A rare UK insurance decision looking at the definition of “riotously” found that the focus of the enquiry is whether property is damaged or destroyed as a result of mob violence. There does not have to be a confrontation. An attack in a private place on an empty building was held to be sufficiently riotous and tumultuous to qualify as a riot under the UK Riot (Damages) Act 1886.
Following the police shooting of a young man in Tottenham on 4 August 2011 there was rioting for four days in London and other English cities. At 23.40 on 8 August a gang of 15 youths broke into the Sony distribution warehouse in Enfield, looted it and burnt it down with petrol bombs.
The insurers paid for the physical loss but the claimants also sought consequential loss of profit from the Mayor’s Office under the Riot (Damages) Act. The act refers to damage caused “riotously and tumultuously”. The focus of enquiry is whether property has been damaged or destroyed as a result of mob violence. Whether the assembly is “riotous and tumultuous” is a question of degree.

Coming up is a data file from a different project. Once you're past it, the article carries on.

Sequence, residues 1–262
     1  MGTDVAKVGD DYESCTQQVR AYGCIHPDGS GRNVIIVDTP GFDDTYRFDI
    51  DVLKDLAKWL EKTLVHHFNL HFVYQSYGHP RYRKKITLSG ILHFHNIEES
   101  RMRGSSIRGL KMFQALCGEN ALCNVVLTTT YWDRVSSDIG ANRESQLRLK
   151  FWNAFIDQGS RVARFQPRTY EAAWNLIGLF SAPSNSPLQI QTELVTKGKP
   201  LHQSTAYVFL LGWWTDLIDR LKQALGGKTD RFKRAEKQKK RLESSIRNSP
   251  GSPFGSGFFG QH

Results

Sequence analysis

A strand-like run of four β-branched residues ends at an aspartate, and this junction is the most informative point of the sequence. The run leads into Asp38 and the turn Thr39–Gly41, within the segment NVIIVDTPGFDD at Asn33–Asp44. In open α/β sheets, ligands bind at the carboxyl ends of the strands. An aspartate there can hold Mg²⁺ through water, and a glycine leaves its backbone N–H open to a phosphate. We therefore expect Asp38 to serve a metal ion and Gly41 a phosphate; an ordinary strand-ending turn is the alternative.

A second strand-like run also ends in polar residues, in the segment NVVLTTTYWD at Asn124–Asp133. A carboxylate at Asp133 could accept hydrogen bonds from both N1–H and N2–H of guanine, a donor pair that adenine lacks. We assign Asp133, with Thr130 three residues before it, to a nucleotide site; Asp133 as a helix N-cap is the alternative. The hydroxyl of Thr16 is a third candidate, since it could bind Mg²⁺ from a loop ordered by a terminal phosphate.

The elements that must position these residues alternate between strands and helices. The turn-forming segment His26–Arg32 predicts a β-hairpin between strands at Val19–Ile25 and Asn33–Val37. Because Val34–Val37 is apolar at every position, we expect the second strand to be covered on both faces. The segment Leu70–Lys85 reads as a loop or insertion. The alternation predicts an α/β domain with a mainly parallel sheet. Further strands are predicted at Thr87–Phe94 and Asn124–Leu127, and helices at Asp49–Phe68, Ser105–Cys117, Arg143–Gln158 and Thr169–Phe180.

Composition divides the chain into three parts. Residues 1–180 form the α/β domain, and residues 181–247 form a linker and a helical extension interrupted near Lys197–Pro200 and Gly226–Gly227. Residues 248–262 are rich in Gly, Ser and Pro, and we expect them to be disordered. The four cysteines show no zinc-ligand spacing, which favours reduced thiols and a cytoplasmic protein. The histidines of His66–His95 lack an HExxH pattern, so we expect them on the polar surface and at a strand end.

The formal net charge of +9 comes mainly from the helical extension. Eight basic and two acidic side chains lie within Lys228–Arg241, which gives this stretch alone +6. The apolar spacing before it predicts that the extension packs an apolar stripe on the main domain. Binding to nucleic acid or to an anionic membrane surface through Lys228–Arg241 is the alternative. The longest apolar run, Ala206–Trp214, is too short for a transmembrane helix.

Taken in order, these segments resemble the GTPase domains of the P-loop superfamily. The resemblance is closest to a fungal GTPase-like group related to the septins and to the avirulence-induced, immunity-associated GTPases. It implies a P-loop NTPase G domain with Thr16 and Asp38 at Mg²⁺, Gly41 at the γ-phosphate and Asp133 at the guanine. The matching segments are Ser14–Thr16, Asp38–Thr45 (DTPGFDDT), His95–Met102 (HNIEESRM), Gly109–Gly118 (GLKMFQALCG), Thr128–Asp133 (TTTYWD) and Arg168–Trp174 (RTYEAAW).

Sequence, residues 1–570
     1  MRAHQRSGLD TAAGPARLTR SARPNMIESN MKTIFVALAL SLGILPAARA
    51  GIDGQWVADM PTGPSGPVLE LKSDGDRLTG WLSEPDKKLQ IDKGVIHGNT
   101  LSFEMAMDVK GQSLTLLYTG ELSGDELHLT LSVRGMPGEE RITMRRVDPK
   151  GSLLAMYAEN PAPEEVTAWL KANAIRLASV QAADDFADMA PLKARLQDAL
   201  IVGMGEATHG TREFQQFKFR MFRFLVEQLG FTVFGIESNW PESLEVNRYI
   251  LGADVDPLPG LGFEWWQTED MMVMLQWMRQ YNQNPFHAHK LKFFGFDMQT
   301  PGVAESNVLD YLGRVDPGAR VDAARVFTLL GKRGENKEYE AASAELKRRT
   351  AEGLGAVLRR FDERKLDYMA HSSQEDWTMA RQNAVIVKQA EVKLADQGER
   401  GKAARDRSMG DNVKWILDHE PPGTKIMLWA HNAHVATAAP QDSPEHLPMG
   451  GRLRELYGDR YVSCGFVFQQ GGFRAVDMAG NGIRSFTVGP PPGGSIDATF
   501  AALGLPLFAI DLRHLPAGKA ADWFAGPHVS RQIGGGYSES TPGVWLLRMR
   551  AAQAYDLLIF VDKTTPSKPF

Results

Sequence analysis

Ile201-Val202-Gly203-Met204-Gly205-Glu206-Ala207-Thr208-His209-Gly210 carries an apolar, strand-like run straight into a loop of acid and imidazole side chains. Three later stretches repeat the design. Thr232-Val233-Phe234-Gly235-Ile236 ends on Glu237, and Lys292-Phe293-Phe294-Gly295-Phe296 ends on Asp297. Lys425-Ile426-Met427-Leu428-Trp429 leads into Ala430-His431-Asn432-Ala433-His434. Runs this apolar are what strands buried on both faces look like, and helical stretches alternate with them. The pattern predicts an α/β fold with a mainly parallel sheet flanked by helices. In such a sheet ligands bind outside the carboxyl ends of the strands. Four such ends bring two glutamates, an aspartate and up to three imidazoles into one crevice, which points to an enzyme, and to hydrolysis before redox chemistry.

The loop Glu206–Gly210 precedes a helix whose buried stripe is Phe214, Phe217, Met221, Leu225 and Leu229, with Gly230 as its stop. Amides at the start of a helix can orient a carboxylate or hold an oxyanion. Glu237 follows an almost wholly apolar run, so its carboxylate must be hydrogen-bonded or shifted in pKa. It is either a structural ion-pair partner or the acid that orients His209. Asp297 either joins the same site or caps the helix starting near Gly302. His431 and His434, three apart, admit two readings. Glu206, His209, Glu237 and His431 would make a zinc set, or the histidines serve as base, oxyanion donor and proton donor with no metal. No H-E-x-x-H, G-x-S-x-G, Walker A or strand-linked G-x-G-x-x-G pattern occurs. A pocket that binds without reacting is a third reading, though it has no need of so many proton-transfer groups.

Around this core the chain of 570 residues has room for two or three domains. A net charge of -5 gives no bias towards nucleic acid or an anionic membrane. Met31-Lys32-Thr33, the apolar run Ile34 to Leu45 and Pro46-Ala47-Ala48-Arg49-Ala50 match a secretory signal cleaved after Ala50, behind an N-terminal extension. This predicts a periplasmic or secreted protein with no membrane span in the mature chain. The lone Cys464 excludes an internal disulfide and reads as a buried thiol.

The behaviour of the group of youths was agitated and volatile when they were attacking the warehouse. The incident was a frenetic, agitated and chaotic process. The group was making no attempt to hide what they were doing and the use of petrol bombs evidenced wanton violence towards the property damaged or destroyed.
This cannot be accepted as an exact account of South African law because these are always factual enquiries and relate to particular wording. It is correct that an event may be a riot even if it is also accompanied by other criminal behaviour such as robbing and looting where the damage is done by a mob behaving riotously.